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Chronic heart failure as a metabolic disorder

Item Type:Review
Title:Chronic heart failure as a metabolic disorder
Creators Name:Anker, S.D. and Al-Nasser, F.O.
Abstract:Congestive chronic heart failure (CHF) is a progressive disorder in which a complex interaction of haemodynamic, neurohormonal and metabolic disturbances leads to subsequent immune activation. The greatest attention has been given to the concept that the progression of heart failure is due to neurohormonal abnormalities and this has led to substantial therapeutic benefits for CHF. The aim of this review is to describe a number of the interactions between neurohormonal pathways and metabolic problems relevant in CHF. Besides the renin-angiotensin-aldosterone-system, steroid and thyroid hormones, growth factors, insulin and inflammatory cytokines (e.g. tumour necrosis factor-alpha [TNF-alpha]) are considered. TNF-alpha is potentially a key molecule with enormous interactive opportunities within a regulatory network of energy metabolism, immune function and neuroendocrine and hormonal function. The most dramatic metabolic problem in heart failure patients is the development of cardiac cachexia. Currently, no specific therapy exists and the prognosis is poor. There are promising approaches (counteracting TNF-alpha or applying anabolic growth factors) but these are not without risk and are expensive, and their application may, therefore, be limited to certain subgroups of patients. In the future, it will not be enough to monitor cardiac function and symptomatic status in heart failure patients. Rather, the patients' metabolic status may need to be taken, as well as an assessment of peak oxygen consumption, body composition and hormonal status.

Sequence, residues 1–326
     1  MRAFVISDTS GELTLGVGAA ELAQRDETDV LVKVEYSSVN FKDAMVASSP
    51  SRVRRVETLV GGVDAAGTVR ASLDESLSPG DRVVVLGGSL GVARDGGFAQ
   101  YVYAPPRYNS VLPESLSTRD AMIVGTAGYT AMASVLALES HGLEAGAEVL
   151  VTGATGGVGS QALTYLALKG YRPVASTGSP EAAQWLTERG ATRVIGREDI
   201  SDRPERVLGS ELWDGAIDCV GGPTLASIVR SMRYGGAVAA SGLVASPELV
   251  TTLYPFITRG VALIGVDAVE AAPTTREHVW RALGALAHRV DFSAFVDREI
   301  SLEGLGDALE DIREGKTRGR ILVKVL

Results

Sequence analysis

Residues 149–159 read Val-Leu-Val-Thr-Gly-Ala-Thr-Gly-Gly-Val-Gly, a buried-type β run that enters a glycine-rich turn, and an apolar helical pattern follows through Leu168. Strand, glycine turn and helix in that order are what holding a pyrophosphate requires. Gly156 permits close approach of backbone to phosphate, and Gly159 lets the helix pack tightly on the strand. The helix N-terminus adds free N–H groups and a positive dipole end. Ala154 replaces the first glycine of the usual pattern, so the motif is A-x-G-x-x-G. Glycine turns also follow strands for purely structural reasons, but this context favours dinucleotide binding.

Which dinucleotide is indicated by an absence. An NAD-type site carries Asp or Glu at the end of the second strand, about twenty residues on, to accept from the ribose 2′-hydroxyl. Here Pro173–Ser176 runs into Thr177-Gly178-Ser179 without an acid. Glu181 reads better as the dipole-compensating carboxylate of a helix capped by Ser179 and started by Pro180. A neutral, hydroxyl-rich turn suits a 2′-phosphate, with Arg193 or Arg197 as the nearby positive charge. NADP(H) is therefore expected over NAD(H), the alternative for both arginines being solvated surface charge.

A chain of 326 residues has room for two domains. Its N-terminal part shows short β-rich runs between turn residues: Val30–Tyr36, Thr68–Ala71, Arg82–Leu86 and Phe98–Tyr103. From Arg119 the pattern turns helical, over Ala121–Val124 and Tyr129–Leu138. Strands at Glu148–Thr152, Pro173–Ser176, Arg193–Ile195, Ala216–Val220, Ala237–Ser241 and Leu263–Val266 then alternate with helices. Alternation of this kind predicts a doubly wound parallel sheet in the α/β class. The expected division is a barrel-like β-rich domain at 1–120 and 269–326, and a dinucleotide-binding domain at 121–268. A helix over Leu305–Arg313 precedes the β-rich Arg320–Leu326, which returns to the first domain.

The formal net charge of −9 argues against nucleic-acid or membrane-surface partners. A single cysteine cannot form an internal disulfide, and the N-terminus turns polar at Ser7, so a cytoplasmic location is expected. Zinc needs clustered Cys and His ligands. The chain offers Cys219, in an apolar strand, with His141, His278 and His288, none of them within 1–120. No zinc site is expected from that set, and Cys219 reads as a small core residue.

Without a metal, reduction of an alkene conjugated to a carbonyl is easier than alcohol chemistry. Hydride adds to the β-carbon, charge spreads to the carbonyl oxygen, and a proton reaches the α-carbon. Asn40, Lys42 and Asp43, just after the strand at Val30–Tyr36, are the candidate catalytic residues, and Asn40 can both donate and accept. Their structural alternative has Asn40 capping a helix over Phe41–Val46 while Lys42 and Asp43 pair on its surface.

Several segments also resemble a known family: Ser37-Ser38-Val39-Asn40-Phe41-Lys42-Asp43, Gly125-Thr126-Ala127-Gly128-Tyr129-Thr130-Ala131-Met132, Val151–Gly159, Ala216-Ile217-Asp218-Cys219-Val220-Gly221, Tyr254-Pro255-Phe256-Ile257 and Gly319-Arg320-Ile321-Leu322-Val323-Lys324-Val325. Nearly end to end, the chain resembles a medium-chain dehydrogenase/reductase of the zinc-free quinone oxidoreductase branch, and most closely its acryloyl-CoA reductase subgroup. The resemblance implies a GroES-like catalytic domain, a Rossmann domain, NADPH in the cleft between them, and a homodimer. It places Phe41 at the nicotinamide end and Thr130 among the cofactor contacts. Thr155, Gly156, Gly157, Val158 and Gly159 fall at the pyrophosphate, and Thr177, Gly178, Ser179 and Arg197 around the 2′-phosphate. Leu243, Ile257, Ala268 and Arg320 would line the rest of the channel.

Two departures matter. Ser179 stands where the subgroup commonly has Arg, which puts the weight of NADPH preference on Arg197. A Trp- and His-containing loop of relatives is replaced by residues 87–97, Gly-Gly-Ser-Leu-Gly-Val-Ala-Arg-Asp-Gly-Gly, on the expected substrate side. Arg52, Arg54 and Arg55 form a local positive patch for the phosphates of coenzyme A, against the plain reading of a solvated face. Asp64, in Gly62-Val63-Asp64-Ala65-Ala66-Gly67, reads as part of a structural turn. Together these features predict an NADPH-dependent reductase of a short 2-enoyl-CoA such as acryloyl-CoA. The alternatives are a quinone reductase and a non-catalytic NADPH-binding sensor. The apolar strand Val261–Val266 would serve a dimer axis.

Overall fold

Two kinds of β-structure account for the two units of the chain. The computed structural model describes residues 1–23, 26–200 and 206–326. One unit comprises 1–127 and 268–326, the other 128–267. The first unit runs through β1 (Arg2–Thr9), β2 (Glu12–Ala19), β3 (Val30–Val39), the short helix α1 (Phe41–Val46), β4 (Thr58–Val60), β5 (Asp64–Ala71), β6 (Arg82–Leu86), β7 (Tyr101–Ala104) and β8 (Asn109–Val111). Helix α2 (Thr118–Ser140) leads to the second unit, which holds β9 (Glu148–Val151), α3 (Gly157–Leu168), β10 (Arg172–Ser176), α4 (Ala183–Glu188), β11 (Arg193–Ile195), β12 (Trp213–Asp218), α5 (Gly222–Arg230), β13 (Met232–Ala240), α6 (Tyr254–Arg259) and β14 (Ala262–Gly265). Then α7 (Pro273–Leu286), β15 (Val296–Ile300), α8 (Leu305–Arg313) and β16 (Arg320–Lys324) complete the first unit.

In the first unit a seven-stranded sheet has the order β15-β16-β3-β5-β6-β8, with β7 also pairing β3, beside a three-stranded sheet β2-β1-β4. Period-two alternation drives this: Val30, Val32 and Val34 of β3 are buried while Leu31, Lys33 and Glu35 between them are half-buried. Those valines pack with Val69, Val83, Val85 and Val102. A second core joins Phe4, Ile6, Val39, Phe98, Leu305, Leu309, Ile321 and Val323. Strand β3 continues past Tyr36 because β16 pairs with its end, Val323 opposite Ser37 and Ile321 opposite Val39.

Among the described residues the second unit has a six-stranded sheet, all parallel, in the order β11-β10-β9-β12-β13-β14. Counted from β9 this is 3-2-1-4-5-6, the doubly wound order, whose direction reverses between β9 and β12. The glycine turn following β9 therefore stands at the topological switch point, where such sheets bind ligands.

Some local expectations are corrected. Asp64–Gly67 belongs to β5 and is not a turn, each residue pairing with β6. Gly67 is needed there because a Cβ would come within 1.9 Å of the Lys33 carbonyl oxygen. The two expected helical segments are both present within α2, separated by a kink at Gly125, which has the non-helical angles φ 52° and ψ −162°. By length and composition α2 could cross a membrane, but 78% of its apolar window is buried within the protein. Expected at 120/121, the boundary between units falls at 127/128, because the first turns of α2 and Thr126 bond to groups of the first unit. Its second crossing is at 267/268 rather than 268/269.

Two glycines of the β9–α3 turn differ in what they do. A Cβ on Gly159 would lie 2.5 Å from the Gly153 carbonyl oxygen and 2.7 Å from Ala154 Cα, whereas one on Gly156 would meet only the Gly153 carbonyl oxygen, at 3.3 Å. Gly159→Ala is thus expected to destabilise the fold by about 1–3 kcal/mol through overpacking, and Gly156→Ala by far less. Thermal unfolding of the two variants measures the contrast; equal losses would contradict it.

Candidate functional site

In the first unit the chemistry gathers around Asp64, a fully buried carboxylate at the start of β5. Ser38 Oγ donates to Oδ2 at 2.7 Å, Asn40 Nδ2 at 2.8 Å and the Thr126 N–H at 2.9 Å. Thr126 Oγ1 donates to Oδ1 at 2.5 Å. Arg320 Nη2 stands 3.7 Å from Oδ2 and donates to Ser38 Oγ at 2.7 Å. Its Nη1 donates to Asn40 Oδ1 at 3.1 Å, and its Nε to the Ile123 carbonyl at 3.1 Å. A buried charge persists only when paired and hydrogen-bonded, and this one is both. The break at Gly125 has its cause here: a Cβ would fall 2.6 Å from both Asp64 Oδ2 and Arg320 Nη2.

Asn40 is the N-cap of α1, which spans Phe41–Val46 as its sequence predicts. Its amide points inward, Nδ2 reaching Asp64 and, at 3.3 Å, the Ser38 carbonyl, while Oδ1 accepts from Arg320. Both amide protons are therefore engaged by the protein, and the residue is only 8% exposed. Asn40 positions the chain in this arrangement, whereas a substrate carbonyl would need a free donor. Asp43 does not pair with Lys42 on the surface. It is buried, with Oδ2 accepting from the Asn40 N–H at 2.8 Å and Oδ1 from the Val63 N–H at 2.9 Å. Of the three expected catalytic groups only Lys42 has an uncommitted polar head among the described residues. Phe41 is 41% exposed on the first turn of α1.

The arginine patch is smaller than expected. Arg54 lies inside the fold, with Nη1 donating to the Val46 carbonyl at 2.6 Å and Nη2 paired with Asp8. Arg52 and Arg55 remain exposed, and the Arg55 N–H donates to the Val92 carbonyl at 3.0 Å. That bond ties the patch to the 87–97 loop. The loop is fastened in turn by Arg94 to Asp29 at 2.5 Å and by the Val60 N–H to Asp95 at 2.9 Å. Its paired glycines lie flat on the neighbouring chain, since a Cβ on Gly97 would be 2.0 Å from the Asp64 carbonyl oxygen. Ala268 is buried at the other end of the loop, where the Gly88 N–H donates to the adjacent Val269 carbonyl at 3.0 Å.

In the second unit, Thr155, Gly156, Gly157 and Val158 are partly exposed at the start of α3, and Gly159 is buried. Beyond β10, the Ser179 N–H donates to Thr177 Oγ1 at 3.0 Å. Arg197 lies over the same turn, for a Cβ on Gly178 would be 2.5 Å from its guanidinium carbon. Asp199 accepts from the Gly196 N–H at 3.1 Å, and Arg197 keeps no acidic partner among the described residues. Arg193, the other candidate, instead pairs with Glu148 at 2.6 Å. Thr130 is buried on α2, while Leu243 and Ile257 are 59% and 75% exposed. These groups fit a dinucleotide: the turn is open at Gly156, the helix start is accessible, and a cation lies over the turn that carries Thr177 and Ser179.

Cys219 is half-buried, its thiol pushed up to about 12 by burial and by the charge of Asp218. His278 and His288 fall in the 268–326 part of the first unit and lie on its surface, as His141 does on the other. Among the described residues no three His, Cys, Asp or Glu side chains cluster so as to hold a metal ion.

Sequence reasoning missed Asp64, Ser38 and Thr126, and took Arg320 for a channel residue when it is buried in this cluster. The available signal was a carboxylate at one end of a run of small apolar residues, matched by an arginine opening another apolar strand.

Keywords:Chronic Disease, Disease Progression, Heart Failure, Hemodynamics, Metabolic Diseases, Morbidity, Neurotransmitter Agents
Source:Heart Failure Monitor
Page Range:42-49
PubMed:View item in PubMed

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